I read a short story in a hard back anthology. This was a couple years ago in a college library, and I'm pretty sure the book had been re-bound; so the story could be old, like 80's but I don't know for sure.
This is "Darkness" ("Escuridão" in Portuguese) by the Brazilian writer André Carneiro. I have it in Nova 2, a 1972 hardcover anthology edited by Harry Harrison; another possibility is Best SF: 1972 by Harry Harrison and Brian W. Aldiss.
In the story, the earth starts to go dark slowly and goes totally dark
Waldas accepted the reality of the phenomenon a little later than the others. Only on the second day, when everybody was commenting on the growing darkness and the dimming of the lights did he admit it was true. An old lady was shouting that the world was coming to an end. People gathered in little groups, most of them offering metaphysical explanations, mixed with the scientific commentaries from the papers.
for three days.
It was longer than that:
During the early hours of the eighteenth day they were awakened by shouts of joy and animation. One of the refugees who hadn't been able to go to sleep had felt a difference in the atmosphere. He climbed the ladder outside the house.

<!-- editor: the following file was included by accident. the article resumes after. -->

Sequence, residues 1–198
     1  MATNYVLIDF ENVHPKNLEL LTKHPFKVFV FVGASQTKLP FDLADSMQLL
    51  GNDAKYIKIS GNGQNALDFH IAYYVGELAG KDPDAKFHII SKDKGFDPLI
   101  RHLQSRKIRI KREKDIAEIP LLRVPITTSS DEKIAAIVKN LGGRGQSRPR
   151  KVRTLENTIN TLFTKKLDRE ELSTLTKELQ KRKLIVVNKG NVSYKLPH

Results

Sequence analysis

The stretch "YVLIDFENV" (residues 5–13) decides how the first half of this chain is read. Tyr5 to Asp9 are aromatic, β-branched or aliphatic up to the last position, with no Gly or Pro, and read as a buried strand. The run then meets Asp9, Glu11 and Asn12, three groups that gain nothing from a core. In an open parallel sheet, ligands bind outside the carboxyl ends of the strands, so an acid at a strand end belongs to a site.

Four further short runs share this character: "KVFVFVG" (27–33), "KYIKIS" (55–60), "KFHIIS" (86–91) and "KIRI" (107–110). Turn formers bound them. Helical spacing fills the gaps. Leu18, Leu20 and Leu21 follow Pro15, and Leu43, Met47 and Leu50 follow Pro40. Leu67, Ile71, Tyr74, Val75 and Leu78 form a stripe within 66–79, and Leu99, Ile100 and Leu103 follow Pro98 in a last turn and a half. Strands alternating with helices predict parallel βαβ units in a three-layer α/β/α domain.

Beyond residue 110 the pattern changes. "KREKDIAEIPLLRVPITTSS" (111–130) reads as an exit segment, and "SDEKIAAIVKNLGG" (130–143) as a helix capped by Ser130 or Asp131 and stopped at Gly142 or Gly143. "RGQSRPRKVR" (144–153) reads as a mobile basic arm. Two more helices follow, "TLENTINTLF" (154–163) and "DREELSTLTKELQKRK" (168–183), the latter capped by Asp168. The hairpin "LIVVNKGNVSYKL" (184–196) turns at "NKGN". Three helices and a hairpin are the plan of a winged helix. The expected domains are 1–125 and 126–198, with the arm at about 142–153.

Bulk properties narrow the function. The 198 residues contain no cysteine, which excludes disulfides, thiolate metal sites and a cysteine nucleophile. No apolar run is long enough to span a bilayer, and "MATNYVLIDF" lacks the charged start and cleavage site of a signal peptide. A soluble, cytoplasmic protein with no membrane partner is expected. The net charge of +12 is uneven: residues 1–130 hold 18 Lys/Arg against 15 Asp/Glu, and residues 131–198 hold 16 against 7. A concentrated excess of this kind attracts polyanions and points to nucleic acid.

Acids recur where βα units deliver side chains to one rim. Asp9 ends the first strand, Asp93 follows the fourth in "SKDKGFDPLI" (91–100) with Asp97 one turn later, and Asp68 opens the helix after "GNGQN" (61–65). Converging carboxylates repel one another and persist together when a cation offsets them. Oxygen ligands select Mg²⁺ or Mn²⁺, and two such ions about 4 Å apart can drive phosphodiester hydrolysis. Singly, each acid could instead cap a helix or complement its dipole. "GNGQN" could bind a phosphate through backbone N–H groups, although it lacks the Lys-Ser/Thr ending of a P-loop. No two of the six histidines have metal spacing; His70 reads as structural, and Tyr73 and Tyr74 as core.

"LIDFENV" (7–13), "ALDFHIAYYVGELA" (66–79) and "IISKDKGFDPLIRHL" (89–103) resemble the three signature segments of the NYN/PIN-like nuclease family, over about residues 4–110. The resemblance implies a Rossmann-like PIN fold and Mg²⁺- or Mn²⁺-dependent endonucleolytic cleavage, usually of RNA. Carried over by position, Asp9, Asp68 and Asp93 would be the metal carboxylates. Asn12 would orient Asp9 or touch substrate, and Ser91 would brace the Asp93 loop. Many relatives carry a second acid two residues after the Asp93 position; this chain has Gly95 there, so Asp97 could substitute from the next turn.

There was a pale red ball on the horizon.
The main character avoids the anarchy that ensues
Armed with a crowbar from his toolbox, he was leaving his shelter to steal food. It was frightening to think what he might encounter. The darkness had erased all distinctions.
when he meets a pack of blind people who have learned to live in darkness.
The blind men finished distributing the full sacks, suitcases, and boxes for the trip. Waldas, standing still and useless, thought about how many times he had passed these men with their dark glasses, their white canes, their heads fixed, always facing forward. True, he always gave them a brief thought of pity. Ah, if he had only known then how one day they would become the magic protectors, capable of saving other beings, beings made of flesh, muscles, thoughts, and with useless eyes, the same as theirs.
I think the author was Brazilian, but I'm not 100% sure.
He is Brazilian all right. You can read his biography in The Encyclopedia of Science Fiction or (in Portuguese) Wikipedia.